Thomas Wictor

No reservoir of goodwill

No reservoir of goodwill

I have the flu, so tonight’s post will be short. It’s about how the concept of creating a reservoir of goodwill no longer exists.

When I was a young man, the way things worked was that you met people, interacted with them, and collected all the good experiences you had with them. If one day you had a slight misunderstanding or disagreement, you weighed that against the positive interactions.

That’s not how things are done anymore. Today, people are on hair triggers, ready to take offense and lash out at any moment. The world has become this scene from the film The King of Comedy.

What this shows is a cataclysmic level of dysfunction. Those who behave this way need emergency psychiatric intervention.

It used to bother me, but now I’m indifferent. I can cut people off instantly, with no regrets. Yesterday an Israeli filmmaker released the deeply flawed Operation Four Little Martyrs even though he knew full well that I didn’t want him to. After I wrote a very angry post, the filmmaker contacted me and protested that I was being extremely unfair. I rewrote the post because I’m trying to avoid going back to what I was until 2011, a creature of pure rage.

The way people handle accusations tells you a lot. A few years ago there was a pounding on my door at 10:00 p.m. When I asked who was there, a male voice said, “Me.”

I turned on the porch light and looked through the peephole. It was neighbor, who works for the state transportation department. He’s in his late twenties.

When I opened the door, he said, “Did you try to poison my dog?”

His dog barked all day and night. It’s dead now, but it was very much alive at the time. My neighbor is a giant. He filled the doorway, each of his arms bigger around than my legs. I realized that if he charged me, I’d need one of these to stop him.

“What are you talking about, Thomas?” I asked him.

“Someone threw about a hundred pieces of chocolate over the fence. The yard was covered with it. Was it you?” He stood there with his fists clenched, his shaved head down so I could see white under the irises of his eyes.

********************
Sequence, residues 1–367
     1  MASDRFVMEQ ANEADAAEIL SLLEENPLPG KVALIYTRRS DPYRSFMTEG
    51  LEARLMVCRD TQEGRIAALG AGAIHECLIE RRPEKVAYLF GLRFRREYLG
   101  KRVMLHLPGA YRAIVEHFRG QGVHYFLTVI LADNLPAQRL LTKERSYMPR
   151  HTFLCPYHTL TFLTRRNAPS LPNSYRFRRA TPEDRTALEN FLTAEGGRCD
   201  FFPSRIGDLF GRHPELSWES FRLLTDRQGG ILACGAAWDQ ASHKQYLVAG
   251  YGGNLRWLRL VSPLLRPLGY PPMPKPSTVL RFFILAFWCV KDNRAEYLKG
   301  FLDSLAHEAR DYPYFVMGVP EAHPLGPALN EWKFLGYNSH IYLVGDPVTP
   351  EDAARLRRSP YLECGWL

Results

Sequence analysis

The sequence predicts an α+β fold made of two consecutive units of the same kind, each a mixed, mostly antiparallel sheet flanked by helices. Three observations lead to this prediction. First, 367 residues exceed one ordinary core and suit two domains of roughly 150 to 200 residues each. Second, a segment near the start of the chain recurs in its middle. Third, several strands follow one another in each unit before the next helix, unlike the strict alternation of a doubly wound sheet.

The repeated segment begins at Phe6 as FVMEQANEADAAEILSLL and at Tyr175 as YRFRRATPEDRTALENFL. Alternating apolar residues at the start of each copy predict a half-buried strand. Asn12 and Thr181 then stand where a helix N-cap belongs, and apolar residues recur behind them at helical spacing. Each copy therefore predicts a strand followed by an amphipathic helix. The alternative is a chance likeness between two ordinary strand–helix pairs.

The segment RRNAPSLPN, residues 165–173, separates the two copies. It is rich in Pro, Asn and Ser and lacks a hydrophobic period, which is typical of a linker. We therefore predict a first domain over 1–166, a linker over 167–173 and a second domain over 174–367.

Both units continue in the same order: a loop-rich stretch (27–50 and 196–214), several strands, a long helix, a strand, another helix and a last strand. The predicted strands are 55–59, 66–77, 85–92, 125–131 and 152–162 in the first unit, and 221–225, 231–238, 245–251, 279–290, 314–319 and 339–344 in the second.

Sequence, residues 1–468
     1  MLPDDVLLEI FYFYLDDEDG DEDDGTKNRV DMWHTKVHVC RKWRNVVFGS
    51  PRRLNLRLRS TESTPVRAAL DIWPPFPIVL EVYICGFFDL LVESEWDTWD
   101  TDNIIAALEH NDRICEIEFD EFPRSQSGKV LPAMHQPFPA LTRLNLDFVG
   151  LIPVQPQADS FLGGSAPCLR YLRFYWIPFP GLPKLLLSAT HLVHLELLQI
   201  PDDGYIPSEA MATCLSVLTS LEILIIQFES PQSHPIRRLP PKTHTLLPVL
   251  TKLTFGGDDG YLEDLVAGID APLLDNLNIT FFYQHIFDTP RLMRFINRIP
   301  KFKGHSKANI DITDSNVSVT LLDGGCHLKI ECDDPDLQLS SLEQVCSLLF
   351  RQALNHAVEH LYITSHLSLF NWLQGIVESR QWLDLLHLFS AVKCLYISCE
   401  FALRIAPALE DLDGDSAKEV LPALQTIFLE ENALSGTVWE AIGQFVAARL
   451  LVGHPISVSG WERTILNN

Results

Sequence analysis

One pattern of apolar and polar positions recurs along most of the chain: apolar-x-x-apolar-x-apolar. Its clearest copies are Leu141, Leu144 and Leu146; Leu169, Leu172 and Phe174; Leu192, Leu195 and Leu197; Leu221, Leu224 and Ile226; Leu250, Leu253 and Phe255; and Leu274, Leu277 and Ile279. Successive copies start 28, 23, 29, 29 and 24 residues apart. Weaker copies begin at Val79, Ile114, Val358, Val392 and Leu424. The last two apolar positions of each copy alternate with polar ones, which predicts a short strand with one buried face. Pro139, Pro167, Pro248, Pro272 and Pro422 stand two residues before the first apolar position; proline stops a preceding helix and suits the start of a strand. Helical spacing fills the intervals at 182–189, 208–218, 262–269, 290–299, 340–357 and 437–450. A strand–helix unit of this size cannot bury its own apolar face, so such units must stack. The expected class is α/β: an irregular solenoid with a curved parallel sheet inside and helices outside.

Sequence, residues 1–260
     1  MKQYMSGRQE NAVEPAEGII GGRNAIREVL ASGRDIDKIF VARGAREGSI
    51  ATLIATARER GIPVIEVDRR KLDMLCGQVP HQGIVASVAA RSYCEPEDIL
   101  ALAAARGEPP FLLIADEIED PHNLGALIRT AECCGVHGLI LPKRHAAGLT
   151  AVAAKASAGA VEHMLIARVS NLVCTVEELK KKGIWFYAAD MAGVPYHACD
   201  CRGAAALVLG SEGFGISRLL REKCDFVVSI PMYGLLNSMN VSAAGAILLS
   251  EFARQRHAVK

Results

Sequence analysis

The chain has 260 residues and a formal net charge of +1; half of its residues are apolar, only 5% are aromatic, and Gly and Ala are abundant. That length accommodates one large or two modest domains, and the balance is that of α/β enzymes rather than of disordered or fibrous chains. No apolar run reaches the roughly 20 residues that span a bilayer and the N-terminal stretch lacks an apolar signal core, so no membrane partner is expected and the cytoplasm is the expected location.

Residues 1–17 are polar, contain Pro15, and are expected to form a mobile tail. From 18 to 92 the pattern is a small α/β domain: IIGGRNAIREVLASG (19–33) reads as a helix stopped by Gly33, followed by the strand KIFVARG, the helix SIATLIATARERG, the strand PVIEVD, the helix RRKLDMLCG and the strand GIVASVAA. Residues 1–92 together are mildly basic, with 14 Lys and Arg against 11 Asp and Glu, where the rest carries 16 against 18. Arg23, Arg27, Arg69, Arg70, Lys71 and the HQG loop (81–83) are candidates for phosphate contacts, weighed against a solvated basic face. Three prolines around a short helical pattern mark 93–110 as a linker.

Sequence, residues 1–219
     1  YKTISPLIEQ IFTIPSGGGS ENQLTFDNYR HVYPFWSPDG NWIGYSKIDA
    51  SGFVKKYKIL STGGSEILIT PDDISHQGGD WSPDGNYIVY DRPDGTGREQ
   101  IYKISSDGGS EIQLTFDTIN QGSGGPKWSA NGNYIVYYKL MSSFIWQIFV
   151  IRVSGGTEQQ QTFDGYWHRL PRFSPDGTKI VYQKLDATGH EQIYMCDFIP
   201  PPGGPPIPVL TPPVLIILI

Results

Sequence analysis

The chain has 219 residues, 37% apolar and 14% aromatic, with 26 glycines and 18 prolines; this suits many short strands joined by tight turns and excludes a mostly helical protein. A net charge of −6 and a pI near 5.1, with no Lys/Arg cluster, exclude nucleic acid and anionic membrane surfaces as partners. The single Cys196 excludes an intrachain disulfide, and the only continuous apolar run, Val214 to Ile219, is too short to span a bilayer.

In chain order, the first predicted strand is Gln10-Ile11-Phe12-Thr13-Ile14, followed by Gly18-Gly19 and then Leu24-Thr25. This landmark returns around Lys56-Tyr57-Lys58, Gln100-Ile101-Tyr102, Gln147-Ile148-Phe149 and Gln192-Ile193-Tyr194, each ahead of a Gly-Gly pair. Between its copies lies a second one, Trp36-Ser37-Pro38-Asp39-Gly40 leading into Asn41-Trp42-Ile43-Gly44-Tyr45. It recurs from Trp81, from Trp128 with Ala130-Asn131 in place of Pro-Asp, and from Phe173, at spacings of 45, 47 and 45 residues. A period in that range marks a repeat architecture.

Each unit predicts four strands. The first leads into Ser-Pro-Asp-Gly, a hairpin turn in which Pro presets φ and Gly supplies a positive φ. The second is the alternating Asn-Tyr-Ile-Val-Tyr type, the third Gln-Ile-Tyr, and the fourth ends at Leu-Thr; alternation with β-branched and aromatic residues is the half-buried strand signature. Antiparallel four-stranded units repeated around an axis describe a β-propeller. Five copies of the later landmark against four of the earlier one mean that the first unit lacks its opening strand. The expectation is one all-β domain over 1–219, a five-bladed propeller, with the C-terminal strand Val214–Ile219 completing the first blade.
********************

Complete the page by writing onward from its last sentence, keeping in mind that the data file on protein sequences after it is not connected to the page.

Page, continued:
This is how people die, you know. Just like that, you can be dead.

“No it wasn’t Tim or me,” I said. “We don’t hurt animals, and besides, if someone did poison your dog, who’d be the first people you’d suspect?”

While he thought about that, I said, “Look: When was the last time we complained to you about your dog? It’s been over a year. We finally just accepted it. We know you and you father are armed. The last thing we want to do is cause trouble. After all the bad blood between your family and mine, we’d be crazy to do something like that. Besides, your dog doesn’t deserve to killed just for barking. We’re not psychos. The barking is annoying, but we got used to it. We decided it was more important to try and just get along than to keep fighting about it.”

He was starting to calm down.

“It wasn’t us, Thomas,” I said. “Really. We wouldn’t do that to your dog, but also we wouldn’t risk going to jail or starting a war with your family. We’re not going anywhere, and you aren’t either, so we just got used to it.”

“Okay,” he said. “I believe you.”

The dog in question later died, and the neighbors got two more dogs. One is a golden retriever that barks all day and night, but it sounds muffled, like they’ve crammed its mouth with paper towels. Maybe it wears a mask.

The point is, when someone accuses you of something you didn’t do, you try to talk them out of it.

Last night I got two messages from the Israeli filmmaker saying that his conscience is clear; it doesn’t matter what I think of him because he knows who he really is; and that someday when I’m ready to admit that I was wrong and apologize, he’ll be there for me.

With an armful of roses!


A global meltdown. As my brother Tim says, the world is flipping like a big ol’ pancake. That’s fine, but I’m not part of it. When people are nice and respectful, I remember it. I give them the benefit of the doubt. As more and more of us succumb to piggery, it becomes vital to maintain standards of behavior. That’s why I rewrote last night’s post.

Tomorrow I’ll write about how Israel has given Russia its marching orders in regard to Syria. It’s very exciting. Cataclysmic change is in the air, which is making people act crazy.

I don’t see why. Seriously: Do you like the way things are now?

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